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Unhappy China

From Wikipedia, the free encyclopedia

Unhappy China: The Great Time, Grand Vision and Our Challenges (Chinese: 中国不高兴:大时代、大目标及我们的内忧外患; pinyin: Zhōngguó bù gāoxìng: Dà shídài, dà mùbiāo jí wǒmen de nèiyōu wàihuàn) is a book written by Song Qiang, Huang Jisu, Song Xiaojun, Wang Xiaodong and Liu Yang and published in March 2009.[1] The book, a follow-up to China Can Say No, encourages China to become a hegemon rather than getting cast aside.[2]

The book was a bestseller, selling over 100,000 copies in the month after publication.[3]


Generally, the book describes China as a country which should not be satisfied with a subsidiary position in the global order.[4]: 159  Unhappy China depicts the country as manufacturing cheap products for the benefit of western countries which are ungrateful and which unfairly blame China for various global issues, including pollution and claims of neo-colonization in Africa.[4]: 159–160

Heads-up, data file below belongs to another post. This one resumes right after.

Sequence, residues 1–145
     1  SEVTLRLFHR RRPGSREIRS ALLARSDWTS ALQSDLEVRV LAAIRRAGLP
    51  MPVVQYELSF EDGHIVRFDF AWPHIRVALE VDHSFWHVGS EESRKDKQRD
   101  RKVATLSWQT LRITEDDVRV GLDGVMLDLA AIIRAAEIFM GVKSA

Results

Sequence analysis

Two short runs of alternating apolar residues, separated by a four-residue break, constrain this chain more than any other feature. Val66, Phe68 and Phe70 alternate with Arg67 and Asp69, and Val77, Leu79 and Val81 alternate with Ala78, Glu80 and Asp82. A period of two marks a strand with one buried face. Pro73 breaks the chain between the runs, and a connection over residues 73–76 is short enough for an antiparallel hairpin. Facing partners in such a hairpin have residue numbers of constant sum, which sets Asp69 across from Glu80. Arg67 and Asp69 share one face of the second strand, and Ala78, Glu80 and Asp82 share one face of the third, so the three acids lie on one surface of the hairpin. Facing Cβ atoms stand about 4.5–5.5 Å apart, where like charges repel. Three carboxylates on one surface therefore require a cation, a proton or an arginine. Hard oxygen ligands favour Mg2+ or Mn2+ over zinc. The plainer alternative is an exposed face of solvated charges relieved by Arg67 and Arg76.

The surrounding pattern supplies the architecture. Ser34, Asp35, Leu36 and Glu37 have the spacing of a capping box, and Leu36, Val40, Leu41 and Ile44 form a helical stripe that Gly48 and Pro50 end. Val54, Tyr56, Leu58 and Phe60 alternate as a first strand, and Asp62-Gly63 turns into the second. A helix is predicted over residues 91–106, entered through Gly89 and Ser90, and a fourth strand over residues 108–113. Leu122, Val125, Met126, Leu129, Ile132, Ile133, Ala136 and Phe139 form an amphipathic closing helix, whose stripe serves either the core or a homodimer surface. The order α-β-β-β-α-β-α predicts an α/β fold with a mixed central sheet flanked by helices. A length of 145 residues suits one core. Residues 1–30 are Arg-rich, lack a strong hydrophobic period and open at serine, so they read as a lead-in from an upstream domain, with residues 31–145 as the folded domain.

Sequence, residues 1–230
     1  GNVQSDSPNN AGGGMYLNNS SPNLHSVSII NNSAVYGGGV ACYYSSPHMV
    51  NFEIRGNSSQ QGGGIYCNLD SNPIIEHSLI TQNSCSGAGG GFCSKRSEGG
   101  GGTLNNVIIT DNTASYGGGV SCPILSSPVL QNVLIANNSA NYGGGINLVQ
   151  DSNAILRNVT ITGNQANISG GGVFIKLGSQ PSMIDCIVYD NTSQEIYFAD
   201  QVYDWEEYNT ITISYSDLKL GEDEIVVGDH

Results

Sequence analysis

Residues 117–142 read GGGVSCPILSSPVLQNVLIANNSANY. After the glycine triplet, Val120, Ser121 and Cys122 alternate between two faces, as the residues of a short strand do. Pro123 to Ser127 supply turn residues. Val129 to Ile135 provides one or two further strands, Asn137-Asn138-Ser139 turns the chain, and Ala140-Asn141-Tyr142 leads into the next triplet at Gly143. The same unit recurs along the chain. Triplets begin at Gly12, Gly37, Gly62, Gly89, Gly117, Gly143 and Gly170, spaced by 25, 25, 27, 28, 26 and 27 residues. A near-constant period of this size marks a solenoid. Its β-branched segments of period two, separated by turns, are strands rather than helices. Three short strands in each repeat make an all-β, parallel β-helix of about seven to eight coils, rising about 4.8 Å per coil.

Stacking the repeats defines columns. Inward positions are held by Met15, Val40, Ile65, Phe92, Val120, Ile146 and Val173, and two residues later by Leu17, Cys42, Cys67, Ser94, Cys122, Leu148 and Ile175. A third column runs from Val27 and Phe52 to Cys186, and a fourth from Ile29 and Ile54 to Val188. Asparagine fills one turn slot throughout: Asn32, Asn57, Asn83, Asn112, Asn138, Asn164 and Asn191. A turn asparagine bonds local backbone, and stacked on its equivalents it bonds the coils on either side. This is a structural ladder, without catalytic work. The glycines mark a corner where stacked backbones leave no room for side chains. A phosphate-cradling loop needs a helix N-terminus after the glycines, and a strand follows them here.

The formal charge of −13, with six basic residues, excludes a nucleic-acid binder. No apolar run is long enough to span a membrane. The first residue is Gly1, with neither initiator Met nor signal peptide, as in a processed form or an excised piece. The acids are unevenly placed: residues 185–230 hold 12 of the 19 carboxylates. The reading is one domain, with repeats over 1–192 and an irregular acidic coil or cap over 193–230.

1. ^ Qi, Fu; Huizi, Li (27 March 2009), "Book 'Unhappy China' stirs a controversy", Shanghai Daily, retrieved 29 March 2009
  2. ^ Ramzy, Austin (20 March 2009), "A New Book Reveals Why China Is Unhappy", Time, archived from the original on March 23, 2009, retrieved 27 March 2009
  3. ^ Hille, Kathrin (27 March 2009), "China's 'angry youths' are novel heroes", Financial Times, Beijing, retrieved 27 March 2009
  4. ^ a b Brown, Kerry (2023). China Incorporated: The Politics of a World Where China is Number One. London: Bloomsbury Academic. ISBN 978-1-350-26724-4.